Every few more days I live are like the gift of a lifetime

Every few more days I live are like the gift of a lifetime

Clouds float over Riyadh. (Shuitterstock)

I am holding on to a pregnant cloud filled with water, with tears of sadness and joy. As the cloud floats over Riyadh, I steer it toward the grave of my father, sprinkling the earth around it with some cloud tears to call his spirit up to join me.
Together we fly over a city that has changed such a great deal since his time, since that giant of a man King Abdul Aziz united a peninsula torn apart by tribal warfare into one of civility and progress. We smile at the fond memories of us children running around King Abdul Aziz’s palace while he and my father held important meetings.
Our pregnant cloud then floats across 500 miles of desert, of mountains and childhood dreams. We see oryx, gazelles and lizards scuttle across the desert, a falcon soaring, the sand sparkling, plants and animals yearning for the few drops of water that I squeeze from our cloud, perhaps initiating a spectacular desert bloom of wild iris, desert rose and acacia.
We leave the desert and its untold mysteries behind us, reaching the mountains of the Hijaz, where golden-flowered cacti hoard the little water they receive. Our cloud moves through the valleys of Makkah, admiring the humanity of religious observance and the richness of our religion and way of life handed to us by our Prophet Muhammad.
We reach Jeddah, where the mother of all humanity lies buried, but also my own mother, my brothers Anas and Abdul Aziz, and my sisters Lamis, and Anoud. Our cloud sheds some tears, but we experience only joy in this beautiful assembly of spirits. Together we cross the magnificent Red Sea to Egypt, watching the history of human civilization unfold as we glide over Luxor and Karnak, following the life-giving Nile, its people joyfully welcoming our cloud all the way to Cairo.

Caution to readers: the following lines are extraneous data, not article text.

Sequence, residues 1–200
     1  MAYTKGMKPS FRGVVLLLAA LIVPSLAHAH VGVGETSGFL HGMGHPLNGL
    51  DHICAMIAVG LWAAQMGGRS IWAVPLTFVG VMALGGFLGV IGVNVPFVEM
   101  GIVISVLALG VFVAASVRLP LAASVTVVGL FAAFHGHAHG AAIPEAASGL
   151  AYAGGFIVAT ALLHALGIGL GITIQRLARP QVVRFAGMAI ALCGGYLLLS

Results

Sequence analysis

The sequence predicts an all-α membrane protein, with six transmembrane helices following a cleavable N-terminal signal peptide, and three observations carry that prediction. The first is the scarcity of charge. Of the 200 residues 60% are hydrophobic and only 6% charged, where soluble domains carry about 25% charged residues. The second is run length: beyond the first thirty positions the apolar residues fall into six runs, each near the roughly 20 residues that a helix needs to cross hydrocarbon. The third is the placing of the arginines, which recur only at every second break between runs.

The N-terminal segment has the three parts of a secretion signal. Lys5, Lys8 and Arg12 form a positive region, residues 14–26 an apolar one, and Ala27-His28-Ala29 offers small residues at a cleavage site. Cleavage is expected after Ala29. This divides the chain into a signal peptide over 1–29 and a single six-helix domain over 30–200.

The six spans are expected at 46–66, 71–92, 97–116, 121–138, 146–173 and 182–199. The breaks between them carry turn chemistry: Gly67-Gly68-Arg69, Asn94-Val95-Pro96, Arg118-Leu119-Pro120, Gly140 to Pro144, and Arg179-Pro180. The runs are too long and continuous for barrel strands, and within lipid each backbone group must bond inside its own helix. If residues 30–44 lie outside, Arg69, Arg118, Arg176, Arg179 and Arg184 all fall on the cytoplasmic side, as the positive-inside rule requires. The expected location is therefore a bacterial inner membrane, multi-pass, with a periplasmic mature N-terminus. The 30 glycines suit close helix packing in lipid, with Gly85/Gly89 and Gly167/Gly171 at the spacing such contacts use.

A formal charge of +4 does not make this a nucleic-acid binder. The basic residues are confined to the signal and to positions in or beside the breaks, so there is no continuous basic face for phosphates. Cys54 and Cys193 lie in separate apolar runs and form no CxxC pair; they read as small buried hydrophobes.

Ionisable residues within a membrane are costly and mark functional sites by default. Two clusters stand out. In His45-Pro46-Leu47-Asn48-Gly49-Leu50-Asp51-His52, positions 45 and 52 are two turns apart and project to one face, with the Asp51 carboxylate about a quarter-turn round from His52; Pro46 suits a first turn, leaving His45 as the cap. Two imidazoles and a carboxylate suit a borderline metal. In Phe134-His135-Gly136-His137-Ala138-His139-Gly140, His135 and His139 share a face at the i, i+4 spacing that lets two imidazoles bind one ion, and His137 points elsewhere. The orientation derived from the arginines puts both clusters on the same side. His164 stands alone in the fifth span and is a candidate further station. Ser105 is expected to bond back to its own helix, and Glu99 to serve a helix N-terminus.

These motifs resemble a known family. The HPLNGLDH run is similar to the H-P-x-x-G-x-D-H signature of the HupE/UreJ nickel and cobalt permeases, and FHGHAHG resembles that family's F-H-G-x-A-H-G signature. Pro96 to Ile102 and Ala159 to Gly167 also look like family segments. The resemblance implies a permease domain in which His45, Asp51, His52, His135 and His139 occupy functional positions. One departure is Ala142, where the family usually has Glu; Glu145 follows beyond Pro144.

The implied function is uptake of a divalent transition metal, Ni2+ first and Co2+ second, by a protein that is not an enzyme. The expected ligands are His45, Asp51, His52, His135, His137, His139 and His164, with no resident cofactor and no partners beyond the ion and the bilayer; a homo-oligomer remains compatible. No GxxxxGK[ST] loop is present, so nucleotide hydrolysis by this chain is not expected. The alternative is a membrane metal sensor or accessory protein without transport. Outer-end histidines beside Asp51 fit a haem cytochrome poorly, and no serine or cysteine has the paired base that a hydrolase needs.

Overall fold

For a moment our cloud is seized by the hypnotic voice of Umm Kalthum. The world owes much of its knowledge and civilization to Egypt, as do I, remembering the tumultuous but happy years of my schooling and my family’s time in Egypt.
Setting out from Alexandria over the Mediterranean — that focus of human civilization and interchange — I recall the words of Constantin Cavafy’s poem:
“As you set out for Ithaca
hope your road is a long one,
full of adventure, full of discovery.”
It has been a long journey of adventure and discovery indeed. My mind is flooded with the memories of unforgettable trips throughout the Mediterranean with my friends, that gleaming blue sea, its stunning coastline and striking islands, which seem to hold all the secrets of the universe. Our pregnant cloud absorbs all it can of the sea, blowing on over France and through Paris, dodging past the Eiffel Tower and reminding me of times spent in that beautiful city with my closest friends.
Our cloud is retained for some time above London, adding to the habitual drizzle, as I am back at my lovely house in Kensington, attending the wondrous musicals “My Fair Lady” and “Miss Saigon,” spending my evenings at Mark’s Club, Harry’s and Annabel’s in the company of great minds, and that irresistible mix of English class, elegance and humor around us.

Our cloud moves through the valleys of Makkah, admiring the humanity of religious observance and the richness of our religion and way of life handed to us by our Prophet Muhammad.

Hassan bin Youssef Yassin